Re #2 ……. No, there are valid reasons why “fairness” SHOULD BE part of the discussion even though under under privately negotiated contracts such is generally NOT the case. Compensation negotiations between Public Sector Union reps and our elected official (or their management representatives) are anything but “arms length”. The Taxpayers are the ultimate payers of promised Public Sector pensions and benefits (and hence THEIR interests should be of paramount importance to the elected officials negotiating on our behalf) and time and again it has been shown that our elected officials betray Taxpayer-interests for what benefits THEM (getting re-elected), and they do so via the horse-trading of Public Sector Union campaign contributions and election support, in exchange for favorable votes on pay, pensions, and benefits. In addition, those negotiating on behalf of the Taxpayers know that THEIR OWN pensions and benefits will be as greater or greater than those they grant Union-represented workers in such negotiations. And this being the case, they have ALWAYS granted FAR MORE than what is necessary (to attract and retain a qualified workforce) and what comparable workers in the Private Sector typically receive from their employers.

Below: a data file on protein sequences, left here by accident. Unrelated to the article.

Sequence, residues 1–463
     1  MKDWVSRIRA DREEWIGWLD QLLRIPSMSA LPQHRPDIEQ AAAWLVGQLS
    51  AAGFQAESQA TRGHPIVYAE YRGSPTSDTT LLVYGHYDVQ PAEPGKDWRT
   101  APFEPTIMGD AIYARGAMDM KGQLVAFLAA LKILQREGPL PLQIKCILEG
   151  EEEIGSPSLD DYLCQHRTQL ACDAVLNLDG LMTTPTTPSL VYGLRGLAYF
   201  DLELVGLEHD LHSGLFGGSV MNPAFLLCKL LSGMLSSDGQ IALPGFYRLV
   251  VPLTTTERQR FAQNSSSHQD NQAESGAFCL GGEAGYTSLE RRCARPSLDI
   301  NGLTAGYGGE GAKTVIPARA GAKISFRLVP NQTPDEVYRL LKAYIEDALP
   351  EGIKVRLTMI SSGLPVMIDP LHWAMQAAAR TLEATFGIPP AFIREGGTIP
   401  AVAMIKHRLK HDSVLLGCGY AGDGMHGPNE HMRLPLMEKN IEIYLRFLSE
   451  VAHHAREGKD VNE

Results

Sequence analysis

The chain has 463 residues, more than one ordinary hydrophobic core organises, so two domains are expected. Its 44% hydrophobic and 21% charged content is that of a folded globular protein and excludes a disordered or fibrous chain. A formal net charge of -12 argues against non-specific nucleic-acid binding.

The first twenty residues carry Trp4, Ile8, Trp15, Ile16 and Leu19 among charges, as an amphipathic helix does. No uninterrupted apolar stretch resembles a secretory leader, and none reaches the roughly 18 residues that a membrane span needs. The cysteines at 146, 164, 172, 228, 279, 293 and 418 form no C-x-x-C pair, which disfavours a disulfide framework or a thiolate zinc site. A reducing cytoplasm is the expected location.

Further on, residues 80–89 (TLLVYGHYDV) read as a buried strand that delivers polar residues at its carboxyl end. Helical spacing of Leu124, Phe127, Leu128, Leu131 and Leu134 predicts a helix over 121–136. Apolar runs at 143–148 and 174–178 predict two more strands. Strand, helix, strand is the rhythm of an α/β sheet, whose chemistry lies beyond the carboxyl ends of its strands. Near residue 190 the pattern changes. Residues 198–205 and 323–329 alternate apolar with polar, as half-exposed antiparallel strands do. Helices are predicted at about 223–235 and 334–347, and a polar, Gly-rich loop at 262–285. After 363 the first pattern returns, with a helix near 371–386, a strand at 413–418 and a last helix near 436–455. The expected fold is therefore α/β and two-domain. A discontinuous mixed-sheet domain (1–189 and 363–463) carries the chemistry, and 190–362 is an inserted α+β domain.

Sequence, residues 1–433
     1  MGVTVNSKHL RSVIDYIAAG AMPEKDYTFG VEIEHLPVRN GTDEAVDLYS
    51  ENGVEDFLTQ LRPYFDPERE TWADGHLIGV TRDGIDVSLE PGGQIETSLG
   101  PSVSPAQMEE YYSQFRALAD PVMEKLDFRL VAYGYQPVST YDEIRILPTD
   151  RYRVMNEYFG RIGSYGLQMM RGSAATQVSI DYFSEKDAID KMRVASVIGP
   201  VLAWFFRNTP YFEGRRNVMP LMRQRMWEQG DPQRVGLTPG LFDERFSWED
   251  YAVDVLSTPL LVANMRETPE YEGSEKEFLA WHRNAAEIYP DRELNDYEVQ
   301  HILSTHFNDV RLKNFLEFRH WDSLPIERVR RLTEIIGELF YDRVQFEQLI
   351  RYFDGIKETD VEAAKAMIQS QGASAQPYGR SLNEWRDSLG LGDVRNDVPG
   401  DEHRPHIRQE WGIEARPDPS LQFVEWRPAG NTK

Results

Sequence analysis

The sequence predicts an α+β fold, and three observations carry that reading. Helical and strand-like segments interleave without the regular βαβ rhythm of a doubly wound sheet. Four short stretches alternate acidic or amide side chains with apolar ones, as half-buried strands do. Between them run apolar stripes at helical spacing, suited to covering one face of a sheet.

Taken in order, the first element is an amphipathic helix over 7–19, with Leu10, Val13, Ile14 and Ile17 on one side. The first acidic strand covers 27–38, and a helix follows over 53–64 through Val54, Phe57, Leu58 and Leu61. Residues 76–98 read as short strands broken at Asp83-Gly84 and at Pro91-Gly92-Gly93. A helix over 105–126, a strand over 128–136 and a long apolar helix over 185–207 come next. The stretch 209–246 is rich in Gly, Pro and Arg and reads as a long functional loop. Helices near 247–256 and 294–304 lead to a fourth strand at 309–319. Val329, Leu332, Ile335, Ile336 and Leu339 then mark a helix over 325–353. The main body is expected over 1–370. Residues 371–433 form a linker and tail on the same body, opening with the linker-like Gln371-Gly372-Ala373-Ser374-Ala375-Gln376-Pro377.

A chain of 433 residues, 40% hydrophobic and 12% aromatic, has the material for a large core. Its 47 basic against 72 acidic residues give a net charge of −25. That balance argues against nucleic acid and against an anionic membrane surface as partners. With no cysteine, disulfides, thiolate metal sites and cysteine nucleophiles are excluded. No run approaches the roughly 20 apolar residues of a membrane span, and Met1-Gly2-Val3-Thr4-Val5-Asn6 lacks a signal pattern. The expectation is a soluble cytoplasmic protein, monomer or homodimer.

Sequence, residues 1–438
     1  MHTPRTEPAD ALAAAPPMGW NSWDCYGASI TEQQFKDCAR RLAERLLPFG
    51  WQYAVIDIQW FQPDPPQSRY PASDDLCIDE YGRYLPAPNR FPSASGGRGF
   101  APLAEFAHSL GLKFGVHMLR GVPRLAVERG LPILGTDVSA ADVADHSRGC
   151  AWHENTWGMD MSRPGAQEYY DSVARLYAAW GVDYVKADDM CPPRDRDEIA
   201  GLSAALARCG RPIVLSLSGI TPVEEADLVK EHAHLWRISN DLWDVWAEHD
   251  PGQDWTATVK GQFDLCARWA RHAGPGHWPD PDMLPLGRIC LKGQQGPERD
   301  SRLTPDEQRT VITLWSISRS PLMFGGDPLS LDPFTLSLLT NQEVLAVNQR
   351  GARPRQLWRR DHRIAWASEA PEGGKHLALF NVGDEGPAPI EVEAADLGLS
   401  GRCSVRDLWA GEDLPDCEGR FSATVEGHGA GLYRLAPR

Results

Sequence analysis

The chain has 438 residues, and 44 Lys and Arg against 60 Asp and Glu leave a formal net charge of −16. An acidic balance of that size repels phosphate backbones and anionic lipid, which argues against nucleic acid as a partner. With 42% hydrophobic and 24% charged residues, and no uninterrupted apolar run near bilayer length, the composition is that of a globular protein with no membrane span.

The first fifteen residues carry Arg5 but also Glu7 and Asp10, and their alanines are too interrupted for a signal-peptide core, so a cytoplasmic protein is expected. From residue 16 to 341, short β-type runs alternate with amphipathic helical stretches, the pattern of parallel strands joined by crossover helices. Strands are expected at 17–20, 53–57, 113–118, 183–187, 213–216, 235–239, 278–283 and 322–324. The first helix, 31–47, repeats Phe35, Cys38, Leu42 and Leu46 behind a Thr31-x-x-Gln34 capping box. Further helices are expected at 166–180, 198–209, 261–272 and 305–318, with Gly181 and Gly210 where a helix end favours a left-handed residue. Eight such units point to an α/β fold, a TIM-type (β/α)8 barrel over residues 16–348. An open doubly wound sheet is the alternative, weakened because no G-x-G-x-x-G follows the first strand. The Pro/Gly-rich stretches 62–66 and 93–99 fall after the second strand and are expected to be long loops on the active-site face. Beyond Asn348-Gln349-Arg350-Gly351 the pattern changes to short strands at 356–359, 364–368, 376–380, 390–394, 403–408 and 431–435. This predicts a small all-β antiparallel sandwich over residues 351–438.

Re #3 ….. Yes, NJ’s Public Sector workers have always paid their portion, but “fairness enters into the picture here as well. Is 75% of total expected Plan costs a fair “portion: for the workers to pay? How about 50%, or 10%? Actually, what IS appropriate is NOT the amount or portion THEY pay, but that what Taxpayer’s pay towards THEIR pensions is comparable to what Private Sector employers pay towards THEIR worker’s retirement Plans. THAT is appropriate and fair for 2 reasons; because EQUAL Public/Private Sector “Total Compensation” (cash pay + pensions + benefits) in comparable jobs IS an appropriate goal, and because with near equal “cash pay” in comparable Public/Private Sectors jobs, there is NO justification for ANY greater Public Sector pensions.